Of course, I know most of the people would prefer single clickable .EXE file. Well, tough luck.

Anyway, all of this does not mean I will ever finish anything, of course. But it makes me feel warm and fuzzy to think about it.

12 comments:

Anonymous said...

If you were going to use C/C++, Pascal/Delphi or Python, I would suggest to use OpenGL for drawing graphics (in your case 2D) and use GLUT library for system dependent tasks. Then your application will be 100% portable (and what's more - it will be really neat, because GLUT handles OpenGL inicialization nicely).

I don't know how good support Ruby has for GLUT (I'm fairly sure that Ruby can work with OpenGL, it's very simple to port it). Check Ruby/FLTK, maybe that does the job.

The idea of using Firefox is really nice, but then I would forget about Ruby and do it all in Javascript/XUL (e.g. in the set of languages in which all extensions are written). Then the game could be installed really smoothly (no need for webserver and other stuff).

Blender is done in Python and yet it is distributed as one exe file.

Now I see that NeHe has at least one of his OpenGL tutorials (http://nehe.gamedev.net/data/lessons/lesson.asp?lesson=02) ported to Ruby. I'm not sure whether there is tutorial covering GLUT (I believe that this guy likes better to set it up all himself), but you can take a look.

Anonymous said...

Hm, looks like the Ruby link is broken, sucks...

Fuxoft said...

anonymous1: First of all, I did several middle-scale projects in Python but I like Ruby somehow better (for really subjective reasons). I realize Python has more and better libraries (and bigger user base).

I am almost afraid to say this, but I never used OpenGL in any form or shape, I know next to nothing about it and it seems overkill to me to learn it just because I need few small icons somewhere. Also, aren't there cross-platform problem with OpenGL and non-english fonts?

Re Javascript: I am not sure about the latest developments, but I always thought that Javascript is unsuitable for complex projects (and my game will certainly have VERY COMPLEX logic and dynamically-generated consistent world).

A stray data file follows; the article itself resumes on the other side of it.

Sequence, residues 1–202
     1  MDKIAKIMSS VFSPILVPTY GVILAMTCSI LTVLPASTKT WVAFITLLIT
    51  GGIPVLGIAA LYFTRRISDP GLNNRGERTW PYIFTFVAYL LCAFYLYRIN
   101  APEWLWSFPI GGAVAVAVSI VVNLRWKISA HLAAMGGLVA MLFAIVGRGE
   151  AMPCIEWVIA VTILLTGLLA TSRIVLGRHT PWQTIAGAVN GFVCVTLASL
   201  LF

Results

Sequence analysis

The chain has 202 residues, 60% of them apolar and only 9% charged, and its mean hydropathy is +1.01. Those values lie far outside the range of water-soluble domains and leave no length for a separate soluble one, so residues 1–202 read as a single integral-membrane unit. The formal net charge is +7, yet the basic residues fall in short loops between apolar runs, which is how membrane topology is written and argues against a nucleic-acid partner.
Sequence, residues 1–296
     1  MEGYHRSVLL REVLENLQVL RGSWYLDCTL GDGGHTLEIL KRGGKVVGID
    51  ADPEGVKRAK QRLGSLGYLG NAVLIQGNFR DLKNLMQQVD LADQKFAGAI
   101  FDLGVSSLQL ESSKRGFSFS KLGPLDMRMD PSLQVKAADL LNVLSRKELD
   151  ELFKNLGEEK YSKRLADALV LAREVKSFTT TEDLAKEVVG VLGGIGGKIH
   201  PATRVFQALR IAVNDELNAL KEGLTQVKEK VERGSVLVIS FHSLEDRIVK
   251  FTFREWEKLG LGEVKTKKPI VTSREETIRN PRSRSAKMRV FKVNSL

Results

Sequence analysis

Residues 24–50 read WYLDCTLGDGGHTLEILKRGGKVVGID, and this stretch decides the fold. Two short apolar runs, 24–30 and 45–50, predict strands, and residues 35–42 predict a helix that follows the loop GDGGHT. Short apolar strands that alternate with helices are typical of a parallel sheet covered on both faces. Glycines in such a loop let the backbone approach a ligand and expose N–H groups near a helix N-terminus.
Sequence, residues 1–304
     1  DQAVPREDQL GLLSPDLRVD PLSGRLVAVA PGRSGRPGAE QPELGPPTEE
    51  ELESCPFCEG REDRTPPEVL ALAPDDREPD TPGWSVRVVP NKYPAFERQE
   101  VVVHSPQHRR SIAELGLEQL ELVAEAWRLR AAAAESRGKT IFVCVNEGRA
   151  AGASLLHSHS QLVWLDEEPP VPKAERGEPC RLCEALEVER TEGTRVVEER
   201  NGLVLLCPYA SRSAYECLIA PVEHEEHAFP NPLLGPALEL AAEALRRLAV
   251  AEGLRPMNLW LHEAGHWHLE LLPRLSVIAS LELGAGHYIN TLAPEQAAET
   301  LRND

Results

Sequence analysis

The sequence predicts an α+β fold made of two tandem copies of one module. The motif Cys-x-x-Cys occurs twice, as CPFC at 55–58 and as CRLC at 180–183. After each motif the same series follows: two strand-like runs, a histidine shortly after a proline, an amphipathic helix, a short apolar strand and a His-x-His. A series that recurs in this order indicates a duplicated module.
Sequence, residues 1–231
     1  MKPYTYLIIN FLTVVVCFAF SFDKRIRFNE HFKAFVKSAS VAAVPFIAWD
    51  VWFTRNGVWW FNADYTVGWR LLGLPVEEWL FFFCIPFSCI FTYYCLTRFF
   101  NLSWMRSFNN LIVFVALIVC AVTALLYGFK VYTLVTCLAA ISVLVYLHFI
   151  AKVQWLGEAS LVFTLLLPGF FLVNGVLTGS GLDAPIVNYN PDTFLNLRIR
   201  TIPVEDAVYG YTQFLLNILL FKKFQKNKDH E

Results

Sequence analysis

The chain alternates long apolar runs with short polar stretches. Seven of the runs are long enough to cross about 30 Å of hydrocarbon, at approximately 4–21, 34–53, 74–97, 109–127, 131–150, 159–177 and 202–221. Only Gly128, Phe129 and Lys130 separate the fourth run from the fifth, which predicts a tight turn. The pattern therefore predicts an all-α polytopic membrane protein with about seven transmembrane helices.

Blender (the 3d modeller) is written in Python? Really? Then I presume it must also have lots of compiled C libraries, I don't believe it could be as fast in pure Python. Also, I am aware you can distribute basically anything as single EXE file, but to do it, you must boot into Windows or at least know the EXE format pretty well, which I don't and don't want to :)

anonymous2: The link seems to work for me. Anyway, search for "Ruby language".

dusoft said...

will that be multiplayer online game? or just classic singleplayer game that could be played online?

Fuxoft said...

dusoft: It's not supposed to be online OR multiplayer! That's why the choice of it being played in browser might seem a little weird but it makes sense to me

dusoft said...

I meant whether you need to be online to play it, or you could just download it in a gzip or whatever package and then just run in your browser as a local webpage?

Fuxoft said...

Yes, it's completely local. You just start the game, it launches Firefox and its own server (running on some high port).

Eso said...

What about Flash?

Fuxoft said...

What about it? If you mean Flash as an UI (communicating with the server), it's overly complex, I don't need the features it provides. If you mean writing everything completely in Flash, the game will be much too complex for that (and anyway, creating Flash files in Linux is not easy).

dusoft said...

It's your game, so feel free to use what technology you prefer, but I don't think launching its own web server is without problems.

e.g. i do run my own server and server mostly waits at port 80 for incoming connections... I doubt two servers will be able to use it at once...

Just my two cents.

Fuxoft said...

dusoft: Sorry, but that's nonsense. Why should it run on port 80? The server will run on some non-privileged high-numbered port like "54321" (and the number will probably be configurable).

Krupps said...

-Tohle je na moji angličtinu složitější, takže anglofonní mají smůlu-
Mohl bys naťuknout svoje "pre-ideas"? Totiž jestli jsem to dobře pochopil, máš na mysli něco jako textovky (hodně textu~málo grafiky). Ve vývoji her se nevyznám, ale myslím, že tady existuje šance vytvořit dostatečně zábavnou hru s primitivní grafikou. Zjednodušeně řečeno ryze akční hru, kde by se děj odehrával v reálném čase, ale jen na úrovni příkazového řádku. (Hráč by měl možnost zobrazení slepé mapy a pouze by dával pokyny svým postavám podle aktuální situace.) To by myslím bylo účinné na procvičování paměti.